Sugata is also building a stand-alone ‘Self Organised Learning Environment’ where children can learn without physical teachers, in an environment that maintains and runs itself with technology. His "Hole in the Wall" discovery is leading to the design of hardware and software that enable children to reach the intermediate to expert level entirely on their own. His current research is leading towards an alternative primary education using self organised learning, mediation and assessment environments.

Sugata's work inspired the book ‘Slumdog Millionaire’ that went on to become the Oscar winning film of 2009. The global consequences of Sugata's discovery for closing the digital educational divide have resulted in him receiving many international awards.

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Masterclasses

Self Organised Learning Environments and the Future of Learning


OVERVIEW

Primary schools are preparing children for a world they will confront about 20 years from now. This world will be, at least, as different from today, as 20 years ago was. Could a primary teacher from 1990 have prepared children for Google, Facebook, smart phones, tablets or Wikipedia?

It is clear that the world of 2020 will be incomprehensible to us today. In that case, what should curriculum and evaluation be? What then is the relevance of education or educational methods of today?

The answers to these questions and appropriate action thereof will determine the state of the world two decades later. Seldom has primary education faced a challenge of such proportion as it prepares to confront Future Shock.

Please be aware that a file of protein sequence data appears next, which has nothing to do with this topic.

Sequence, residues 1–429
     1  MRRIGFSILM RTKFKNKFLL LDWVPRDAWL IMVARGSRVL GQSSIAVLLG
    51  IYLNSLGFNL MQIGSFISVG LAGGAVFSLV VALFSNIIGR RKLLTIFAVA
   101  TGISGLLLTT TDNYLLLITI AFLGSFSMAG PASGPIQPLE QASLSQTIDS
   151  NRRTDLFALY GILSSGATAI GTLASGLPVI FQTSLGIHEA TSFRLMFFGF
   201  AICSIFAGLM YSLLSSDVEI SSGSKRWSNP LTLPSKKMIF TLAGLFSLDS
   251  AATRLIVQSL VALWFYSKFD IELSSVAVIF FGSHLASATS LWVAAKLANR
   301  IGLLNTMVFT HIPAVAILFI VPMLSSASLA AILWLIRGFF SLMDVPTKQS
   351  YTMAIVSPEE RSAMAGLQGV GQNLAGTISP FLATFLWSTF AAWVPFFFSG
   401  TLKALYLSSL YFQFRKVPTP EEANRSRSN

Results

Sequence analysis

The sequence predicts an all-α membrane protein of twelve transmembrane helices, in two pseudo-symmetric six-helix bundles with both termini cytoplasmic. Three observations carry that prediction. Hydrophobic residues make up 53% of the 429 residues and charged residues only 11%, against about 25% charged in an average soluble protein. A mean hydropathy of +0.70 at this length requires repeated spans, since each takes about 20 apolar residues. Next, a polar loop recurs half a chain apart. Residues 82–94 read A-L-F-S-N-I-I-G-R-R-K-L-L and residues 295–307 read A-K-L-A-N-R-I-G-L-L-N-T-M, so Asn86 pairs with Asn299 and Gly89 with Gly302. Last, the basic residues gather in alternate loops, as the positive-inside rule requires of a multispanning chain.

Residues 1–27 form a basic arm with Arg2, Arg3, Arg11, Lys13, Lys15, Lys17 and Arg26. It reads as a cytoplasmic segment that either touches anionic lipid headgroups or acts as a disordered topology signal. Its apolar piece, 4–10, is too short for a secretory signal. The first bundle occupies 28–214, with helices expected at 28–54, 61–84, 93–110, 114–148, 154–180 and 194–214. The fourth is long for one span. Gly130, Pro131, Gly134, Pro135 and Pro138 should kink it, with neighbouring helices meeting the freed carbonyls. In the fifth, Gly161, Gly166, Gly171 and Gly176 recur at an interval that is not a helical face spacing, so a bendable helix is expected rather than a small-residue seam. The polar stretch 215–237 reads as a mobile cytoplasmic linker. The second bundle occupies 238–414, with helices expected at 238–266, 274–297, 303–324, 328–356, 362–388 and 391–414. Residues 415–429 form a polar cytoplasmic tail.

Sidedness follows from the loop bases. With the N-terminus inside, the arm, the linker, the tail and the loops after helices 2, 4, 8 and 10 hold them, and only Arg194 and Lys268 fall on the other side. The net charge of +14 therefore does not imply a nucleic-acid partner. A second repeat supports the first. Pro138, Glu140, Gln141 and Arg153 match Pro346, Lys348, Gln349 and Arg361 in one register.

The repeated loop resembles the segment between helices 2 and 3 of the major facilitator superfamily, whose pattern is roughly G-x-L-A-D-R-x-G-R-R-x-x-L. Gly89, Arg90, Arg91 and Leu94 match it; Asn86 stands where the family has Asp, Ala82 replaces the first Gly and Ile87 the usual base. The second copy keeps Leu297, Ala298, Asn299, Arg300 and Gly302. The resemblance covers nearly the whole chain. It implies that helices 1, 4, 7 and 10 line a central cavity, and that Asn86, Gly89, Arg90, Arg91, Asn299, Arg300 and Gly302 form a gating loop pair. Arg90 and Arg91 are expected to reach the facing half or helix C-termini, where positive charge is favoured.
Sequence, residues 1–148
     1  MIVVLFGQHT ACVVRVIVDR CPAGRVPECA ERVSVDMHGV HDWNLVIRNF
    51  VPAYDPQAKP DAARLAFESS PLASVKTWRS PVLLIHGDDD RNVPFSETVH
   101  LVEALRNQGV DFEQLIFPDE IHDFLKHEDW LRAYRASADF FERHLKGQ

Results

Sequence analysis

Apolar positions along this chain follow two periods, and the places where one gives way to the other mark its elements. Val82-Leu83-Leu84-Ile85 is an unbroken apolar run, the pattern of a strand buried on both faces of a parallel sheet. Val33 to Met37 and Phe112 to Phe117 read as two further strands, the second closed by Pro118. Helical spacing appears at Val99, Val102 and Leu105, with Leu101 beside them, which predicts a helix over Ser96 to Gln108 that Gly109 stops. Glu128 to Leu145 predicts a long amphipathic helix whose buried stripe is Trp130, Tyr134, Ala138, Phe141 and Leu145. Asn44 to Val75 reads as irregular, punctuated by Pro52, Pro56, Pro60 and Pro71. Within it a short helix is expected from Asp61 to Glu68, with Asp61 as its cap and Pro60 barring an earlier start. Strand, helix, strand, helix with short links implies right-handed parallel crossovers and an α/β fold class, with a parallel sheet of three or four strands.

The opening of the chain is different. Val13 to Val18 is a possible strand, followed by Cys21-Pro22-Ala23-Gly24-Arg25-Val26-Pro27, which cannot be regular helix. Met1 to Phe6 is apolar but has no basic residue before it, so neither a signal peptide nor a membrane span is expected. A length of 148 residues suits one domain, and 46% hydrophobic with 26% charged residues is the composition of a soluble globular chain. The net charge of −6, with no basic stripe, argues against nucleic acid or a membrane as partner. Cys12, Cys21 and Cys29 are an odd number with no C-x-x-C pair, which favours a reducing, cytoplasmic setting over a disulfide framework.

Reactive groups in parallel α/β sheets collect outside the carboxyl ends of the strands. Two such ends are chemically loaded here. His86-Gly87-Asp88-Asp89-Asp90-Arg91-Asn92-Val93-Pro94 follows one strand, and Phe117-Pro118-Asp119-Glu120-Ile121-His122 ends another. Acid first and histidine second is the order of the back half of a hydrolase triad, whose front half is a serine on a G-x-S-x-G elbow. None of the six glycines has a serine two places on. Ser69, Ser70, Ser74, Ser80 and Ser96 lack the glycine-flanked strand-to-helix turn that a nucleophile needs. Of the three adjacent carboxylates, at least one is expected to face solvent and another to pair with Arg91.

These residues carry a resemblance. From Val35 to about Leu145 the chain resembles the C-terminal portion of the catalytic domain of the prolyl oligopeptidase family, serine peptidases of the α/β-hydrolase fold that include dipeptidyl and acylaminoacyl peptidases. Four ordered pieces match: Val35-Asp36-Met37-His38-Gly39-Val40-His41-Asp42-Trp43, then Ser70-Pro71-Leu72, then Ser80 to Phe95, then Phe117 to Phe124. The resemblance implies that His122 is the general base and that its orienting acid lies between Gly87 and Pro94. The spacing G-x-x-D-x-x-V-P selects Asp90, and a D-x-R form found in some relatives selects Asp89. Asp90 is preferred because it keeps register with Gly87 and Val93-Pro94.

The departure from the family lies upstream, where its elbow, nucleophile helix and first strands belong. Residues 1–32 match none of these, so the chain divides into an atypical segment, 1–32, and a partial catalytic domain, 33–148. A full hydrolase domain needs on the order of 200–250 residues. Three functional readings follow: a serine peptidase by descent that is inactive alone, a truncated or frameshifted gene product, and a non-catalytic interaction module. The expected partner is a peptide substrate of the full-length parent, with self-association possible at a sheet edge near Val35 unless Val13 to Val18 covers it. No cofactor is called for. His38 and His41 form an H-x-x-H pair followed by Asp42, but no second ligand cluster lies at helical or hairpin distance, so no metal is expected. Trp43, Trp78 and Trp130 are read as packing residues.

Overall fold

THE MASTERCLASS COVERS

We will examine the issues, problems and possible solutions for primary schools tomorrow. Not just philosophically, but procedural, hands on clarity. This masterclass will examine primary curriculum, pedagogy and technology. We will look at findings from studies and experiments all over the world and what the results are telling us.

We then move on to designing solutions, debating options and finally evolve an implementable policy. We will look at the problems faced by children and how those can be addressed. We will look at new ways of teaching and learning and the power of the Internet for collaborative constructivism.

We will research and discuss the three basic skills that children need today: 1) Reading and comprehension, 2) Information search and analysis and 3) a rational belief system.

BENEFITS

Group leaders along with Sugata will develop action points and strategies that schools can implement today to better equip children for the future. Attendees will return with an understanding of the changes that education must face and an action plan to enable schools to absorb and, indeed, benefit, from these changes.
 

Latest News

Sugata Mitra has won the $1 million (£660,000) TED Prize

Sugata Mitra has won the $1 million (£660,000) TED Prize

Sugata picked up the Annual Prize, which is awarded by the California-based not-for-profit ideas network TED. He follows previous winners including Bill Clinton, Jamie Oliver and Bono.… read more